Just because we have a word for something which we can insert into sentences doesn’t mean it actually exists out there as some kind of part or attachment to a thing. And just because something has a property doesn’t mean that is the only thing with that property.

My point was that I don’t think you actually explained anything. In fact, according to your added explanations, you are basically saying that only things with a mind are alive, which I certainly do not agree with. However, this definition of yours has some similarities to my own claim that the key nature of life is doing things for its own reasons (with no implications of a mind in my use of this word reasons, but rather with having to look for the explanations within rather than just the environment). This is not sufficient for a definition of life though because the same can be said of non-living phenomena.

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Ever considered that the maker has a higher complexity than what he makes?
What the virus has to do with me is that it executes my will.

My point was indeed that only those things with a will of their own are independent lives. Anything that fulfills the instructions of others are not their independent lives but part of the life of the ones who’s instructions they execute. You can construct machines that are capable of replication and self repairing and maintain homeostasis grow…

this is exactly my point that there are no “non-living phenomena” unless you deny the existence of a transcendent God that transcends all reality.

Laura’s comment (the first in the thread) had a good point which is often overlooked and generally not talked about. It should “convince you”.
When you have a finite resource, like the Earth’s, 2 systems of creation work:

  1. A static system where everything is created at once and there is no births or deaths.
  2. A dynamic system where there is births and deaths.

System 1 is like how the angels were created (not on Earth I know).
System 2 is like how animals, including humans, were created.

System 2 Comments:

  • Without death, God’s command to “go forth and multiply” would have created exponential growth, the ecosystem would have gone into crisis and everything would have starved. This method of creation doesn’t add up and should convince you death was needed.
  • With vaccinations, better sanitation and improved health care humanity has significantly reduced deaths before people have the chance to procreate which has resulted in exponential growth and the global population growing from 1 billion to 7.7 billion in around 200 years. This has similar results to the “go forth and multiply” command without deaths, but nowhere near as severe. This reductions in young deaths is to be celebrated but also raises the importance of birth control. I know this second point is not directly related, but I mention it due to its importance.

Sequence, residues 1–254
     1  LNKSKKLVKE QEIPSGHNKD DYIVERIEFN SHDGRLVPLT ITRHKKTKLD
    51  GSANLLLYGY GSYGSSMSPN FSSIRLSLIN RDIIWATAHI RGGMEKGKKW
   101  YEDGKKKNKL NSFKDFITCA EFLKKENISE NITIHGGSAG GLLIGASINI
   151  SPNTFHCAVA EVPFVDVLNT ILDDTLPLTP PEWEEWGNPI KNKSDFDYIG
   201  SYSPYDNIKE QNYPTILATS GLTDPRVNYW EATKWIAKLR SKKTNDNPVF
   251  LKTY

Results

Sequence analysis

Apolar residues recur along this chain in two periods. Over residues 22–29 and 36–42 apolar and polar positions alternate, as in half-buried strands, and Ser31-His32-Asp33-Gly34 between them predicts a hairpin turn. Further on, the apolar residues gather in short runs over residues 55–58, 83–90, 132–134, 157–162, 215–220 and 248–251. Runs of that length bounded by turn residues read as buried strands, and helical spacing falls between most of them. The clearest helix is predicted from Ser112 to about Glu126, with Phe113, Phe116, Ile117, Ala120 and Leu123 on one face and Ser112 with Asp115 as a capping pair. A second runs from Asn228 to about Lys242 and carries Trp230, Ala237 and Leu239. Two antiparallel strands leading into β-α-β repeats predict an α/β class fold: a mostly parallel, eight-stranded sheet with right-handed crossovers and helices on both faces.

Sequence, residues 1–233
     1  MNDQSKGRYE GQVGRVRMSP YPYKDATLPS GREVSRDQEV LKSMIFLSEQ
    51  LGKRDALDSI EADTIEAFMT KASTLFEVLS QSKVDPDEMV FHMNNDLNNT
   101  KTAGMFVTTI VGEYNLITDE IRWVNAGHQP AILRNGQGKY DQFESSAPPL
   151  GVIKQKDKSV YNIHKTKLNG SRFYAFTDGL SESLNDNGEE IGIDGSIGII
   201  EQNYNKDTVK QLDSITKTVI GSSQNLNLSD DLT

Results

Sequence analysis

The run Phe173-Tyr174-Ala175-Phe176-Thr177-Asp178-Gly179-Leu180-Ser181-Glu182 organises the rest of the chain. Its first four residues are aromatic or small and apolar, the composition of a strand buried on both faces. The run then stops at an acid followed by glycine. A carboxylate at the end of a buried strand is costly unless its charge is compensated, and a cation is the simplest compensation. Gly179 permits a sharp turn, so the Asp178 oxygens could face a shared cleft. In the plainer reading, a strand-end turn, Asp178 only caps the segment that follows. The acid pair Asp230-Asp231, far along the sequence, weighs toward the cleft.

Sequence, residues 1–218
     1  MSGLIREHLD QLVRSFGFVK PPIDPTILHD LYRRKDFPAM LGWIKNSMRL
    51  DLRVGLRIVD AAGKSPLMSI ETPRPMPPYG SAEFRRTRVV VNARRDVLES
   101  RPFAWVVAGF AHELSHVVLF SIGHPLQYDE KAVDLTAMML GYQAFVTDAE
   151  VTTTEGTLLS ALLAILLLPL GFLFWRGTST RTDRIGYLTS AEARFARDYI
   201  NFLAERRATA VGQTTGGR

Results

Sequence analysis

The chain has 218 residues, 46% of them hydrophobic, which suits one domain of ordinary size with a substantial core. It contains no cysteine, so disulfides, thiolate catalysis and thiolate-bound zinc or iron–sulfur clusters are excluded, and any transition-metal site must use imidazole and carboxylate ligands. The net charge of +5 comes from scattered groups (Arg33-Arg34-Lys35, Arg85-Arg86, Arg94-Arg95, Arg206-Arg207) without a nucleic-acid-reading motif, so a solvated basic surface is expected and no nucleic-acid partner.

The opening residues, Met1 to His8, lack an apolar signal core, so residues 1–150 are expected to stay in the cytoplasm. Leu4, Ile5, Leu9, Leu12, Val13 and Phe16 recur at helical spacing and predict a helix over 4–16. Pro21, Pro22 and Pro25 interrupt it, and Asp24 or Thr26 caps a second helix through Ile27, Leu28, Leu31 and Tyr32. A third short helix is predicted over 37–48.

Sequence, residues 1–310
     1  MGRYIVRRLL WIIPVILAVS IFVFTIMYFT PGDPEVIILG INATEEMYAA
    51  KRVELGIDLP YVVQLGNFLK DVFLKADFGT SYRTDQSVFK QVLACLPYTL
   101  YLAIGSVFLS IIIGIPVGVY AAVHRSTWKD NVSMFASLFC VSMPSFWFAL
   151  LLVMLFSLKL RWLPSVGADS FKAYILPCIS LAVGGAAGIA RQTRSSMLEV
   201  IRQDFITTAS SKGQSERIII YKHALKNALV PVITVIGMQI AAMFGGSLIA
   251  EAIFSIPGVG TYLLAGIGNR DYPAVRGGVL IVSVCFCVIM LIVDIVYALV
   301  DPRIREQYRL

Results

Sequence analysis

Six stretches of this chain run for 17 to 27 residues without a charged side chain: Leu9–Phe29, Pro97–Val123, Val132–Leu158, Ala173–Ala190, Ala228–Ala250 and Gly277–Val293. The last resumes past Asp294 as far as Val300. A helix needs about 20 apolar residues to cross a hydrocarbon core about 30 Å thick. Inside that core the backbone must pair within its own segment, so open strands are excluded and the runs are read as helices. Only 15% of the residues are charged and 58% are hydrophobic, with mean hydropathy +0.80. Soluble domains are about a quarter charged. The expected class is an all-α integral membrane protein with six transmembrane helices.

So, there are 2 systems of creation and God has now used both of them, one with the heavenly creatures and one with the earthly creatures. It is a trade-off. We have the celebration of new life and the variety that evolution brings - the angels can’t experience these in their domain. The heavenly creatures don’t experience the pain of death - we do.

Here is something else which is amazing about evolution and should be celebrated. It creates vastly different animal worlds depending on when in time you look. On the hot Pangea supercontinent you had dinosaurs, in the ice age world you had giant hairy mammals, and these are just 2 of the worlds you can explore through geology and the fossil record. I love exploring these ancient worlds as well as our current one.

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Welcome back
To experience the pain of death requires you to be a fallen being, wanting to exist under your own authority. If you are free of sin you do not suffer death because you exist not for yourself. Blessed are those who can still sing to God when they are put to death by other humans who are afraid of the authority of God because it would crush their empires.
It is a common mistake that people confuse death with an act of God’s punishment of humans. He does not say “If you eat from that tree I will kill you for your disobedience” but warns Adam and Eve of the logical consequence of their action of separating themselves from God that is the life everlasting. He gives us the chance to eat from the tree of life in Jesus, by giving up himself, like any loving father would do to let his children come back to him.